Here is an excellent whitepaper on this subject:
Why Use Dashboard Metrics? (direct link to pdf)
“The major problem with dashboards, however, lies in the fact that many are based on flawed measurement techniques and metrics that are not predictive of success. A dashboard is only useful to a company if the data behind it are accurate measures of consumer behavior and the best predictors of organizational success.”
A useful dashboard will be tailored to the company and include unique measures that best predict its success (Harvard Business School, 2007). A “one size fits all” dashboard is not beneficial for the company. Conducting research to discover the measures that are specific to your company will create a dashboard that will provide actionable information.
Another potential problem with dashboards is focusing on only one aspect of the company, such as marketing activities. A successful dashboard will integrate all departments within the company in order to get a more complete picture of company health. Also, some dashboards only show short-term targets and results, such as sales figures, rather than focusing on critical, long-term predictive indicators (MacDonald, 2006).
The major problem with dashboards, however, lies in the fact that many are based on flawed measurement techniques and metrics that are not predictive of success. A dashboard is only useful to a company if the data behind it are accurate measures of consumer behavior and the best predictors of organizational success.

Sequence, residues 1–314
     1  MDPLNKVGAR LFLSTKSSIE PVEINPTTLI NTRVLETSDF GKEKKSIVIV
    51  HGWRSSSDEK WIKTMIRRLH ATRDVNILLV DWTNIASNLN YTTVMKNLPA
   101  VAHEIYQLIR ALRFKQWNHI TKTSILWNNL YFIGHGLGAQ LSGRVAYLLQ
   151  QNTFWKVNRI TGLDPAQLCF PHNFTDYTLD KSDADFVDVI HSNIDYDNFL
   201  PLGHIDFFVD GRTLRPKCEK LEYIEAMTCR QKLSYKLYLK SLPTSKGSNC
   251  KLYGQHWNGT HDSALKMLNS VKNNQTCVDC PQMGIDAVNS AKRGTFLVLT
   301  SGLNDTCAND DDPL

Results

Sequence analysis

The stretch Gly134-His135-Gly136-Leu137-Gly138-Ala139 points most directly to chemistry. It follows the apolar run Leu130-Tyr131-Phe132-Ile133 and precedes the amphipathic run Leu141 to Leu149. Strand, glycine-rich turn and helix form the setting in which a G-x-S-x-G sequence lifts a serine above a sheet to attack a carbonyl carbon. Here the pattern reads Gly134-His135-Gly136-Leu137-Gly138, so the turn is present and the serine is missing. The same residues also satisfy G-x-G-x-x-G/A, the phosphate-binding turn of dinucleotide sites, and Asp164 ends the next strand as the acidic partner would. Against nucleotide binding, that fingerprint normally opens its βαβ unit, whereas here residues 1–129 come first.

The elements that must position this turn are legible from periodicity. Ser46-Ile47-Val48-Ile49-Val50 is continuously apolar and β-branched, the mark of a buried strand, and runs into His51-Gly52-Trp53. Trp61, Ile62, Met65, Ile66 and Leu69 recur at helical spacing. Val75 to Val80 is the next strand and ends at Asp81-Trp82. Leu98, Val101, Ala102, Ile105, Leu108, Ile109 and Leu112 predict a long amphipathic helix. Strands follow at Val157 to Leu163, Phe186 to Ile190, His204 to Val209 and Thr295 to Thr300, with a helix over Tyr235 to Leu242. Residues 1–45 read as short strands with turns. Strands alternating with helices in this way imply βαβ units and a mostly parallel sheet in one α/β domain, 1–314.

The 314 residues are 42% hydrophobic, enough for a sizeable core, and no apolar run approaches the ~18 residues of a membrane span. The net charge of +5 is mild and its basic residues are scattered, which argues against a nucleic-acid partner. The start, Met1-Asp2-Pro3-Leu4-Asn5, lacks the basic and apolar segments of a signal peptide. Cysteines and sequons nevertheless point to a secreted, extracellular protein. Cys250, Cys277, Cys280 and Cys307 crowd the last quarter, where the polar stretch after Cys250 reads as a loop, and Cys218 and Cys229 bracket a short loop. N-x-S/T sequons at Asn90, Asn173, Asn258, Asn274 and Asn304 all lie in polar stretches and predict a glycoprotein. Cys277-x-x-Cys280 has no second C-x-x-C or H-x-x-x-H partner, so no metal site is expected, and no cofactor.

When creating a dashboard, it is not useful to throw up values haphazardly or only include those figures that make the company look good and keep the CEO happy. This way of thinking can prevent companies from staying focused on the metrics that actually predict success. In the book, “Moneyball,” baseball managers focused their decision- making on indicators that were better predictors of success rather than the traditional metrics that managers would focus on (Lewis, 2003). The author, Michael Lewis, shows how Bill James and Billy Beane transformed major league baseball by demonstrating how improving efficiency can leverage limited resources and create success. What James and Beane did was to redefine the metrics used to evaluate the value of each major league baseball player to a team. Instead of looking at traditional indicators like batting averages and earned run averages, Beane re- focused baseball on walks, on-base percentages and other metrics—because they are a better predictor of success (i.e., winning baseball games). This way of thinking can also be applied to marketing. But what are the metrics that should be measured?
Read the white paper to find out.
Dashboard Spy resource: Business Intelligence Best Practices Benchmark Report
A new business intelligence white paper has come out that’s worth getting. It features detailed examples of ROI from business intelligence projects, a summary of the drivers and obstacles of BI projects and metrics for tracking and measuring the success of BI implementations.
What’s different about this one is the emphasis on quick ROI – they stress the importance of immediate results over long drawn out perfect system architecture-type projects.
Get the white paper here: